It indeed helped local carmakers, but only in the short term, or at most for the middle term.
The tough question is if the Japanese carmakers decrease very quickly, what companies will benefit over the long haul? The true winners will likely be other top global competitors.
At the current stage, there is no way local carmakers can compete with top international brands.
And when the big automakers become more dominant in the marketplace and achieve super-high economies of scale in production, can local carmakers still have chance even in the middle and lower-end segments?
The answer is no, especially when some State-owned carmakers do not have strong motivation in "learning from foreign powers" and some local private carmakers have no international partners to learn from.
In other words, fast shrinking market share for Japanese carmakers does not look like it fits the "balancing powers" strategy. And it might not be in the best interest of local carmakers either.
Japanese companies have the product and quality that all other global automakers have to worry about. It makes the other global companies pay more respect to the market and consumers.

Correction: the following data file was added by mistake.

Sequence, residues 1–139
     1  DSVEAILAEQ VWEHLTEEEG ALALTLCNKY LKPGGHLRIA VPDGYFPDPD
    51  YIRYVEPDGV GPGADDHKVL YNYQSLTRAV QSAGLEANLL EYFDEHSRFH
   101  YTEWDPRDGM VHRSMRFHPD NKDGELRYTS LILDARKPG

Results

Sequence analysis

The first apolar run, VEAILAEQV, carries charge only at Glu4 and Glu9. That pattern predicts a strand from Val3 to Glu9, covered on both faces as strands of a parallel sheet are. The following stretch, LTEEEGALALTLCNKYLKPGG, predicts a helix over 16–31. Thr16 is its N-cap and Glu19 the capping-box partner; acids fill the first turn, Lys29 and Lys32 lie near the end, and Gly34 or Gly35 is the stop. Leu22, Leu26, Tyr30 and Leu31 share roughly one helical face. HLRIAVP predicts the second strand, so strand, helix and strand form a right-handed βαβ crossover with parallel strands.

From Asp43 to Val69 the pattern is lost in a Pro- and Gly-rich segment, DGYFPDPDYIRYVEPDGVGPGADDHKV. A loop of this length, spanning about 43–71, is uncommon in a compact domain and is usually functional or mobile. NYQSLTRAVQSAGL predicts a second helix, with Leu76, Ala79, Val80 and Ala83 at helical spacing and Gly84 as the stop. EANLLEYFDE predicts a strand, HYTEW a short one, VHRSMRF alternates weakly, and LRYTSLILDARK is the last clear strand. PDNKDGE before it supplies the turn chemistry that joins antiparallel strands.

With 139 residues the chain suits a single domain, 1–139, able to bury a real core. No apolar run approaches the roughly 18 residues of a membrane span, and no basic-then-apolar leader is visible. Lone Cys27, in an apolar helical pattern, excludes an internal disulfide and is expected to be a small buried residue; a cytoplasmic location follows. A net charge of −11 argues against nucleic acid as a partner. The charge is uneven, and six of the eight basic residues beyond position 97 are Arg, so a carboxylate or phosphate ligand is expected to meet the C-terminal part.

Because humility is still important in the strong.
A good example was when Toyota developed too fast in the US market and realized that could backfire. The company decided to slow down and help competitors, supplier partners and even non-automotive companies by sharing their experience with production and quality control.
The gestures gained more friendly treatment from the consumers and society, helping Toyota's long-term sustainable development.
Industry supervisors have to consider whether the "balancing foreign players" strategy still works if Japanese carmakers drop too quickly.
For dominant automakers in China today, it might be a good idea to truly understand the two strategies and histories - and stay humble like Toyota did in the US.
The writer is the managing director of Automotive Foresight (Shanghai) Co Ltd. He can be contacted at firstname.lastname@example.org.
(China Daily 04/20/2013 page32)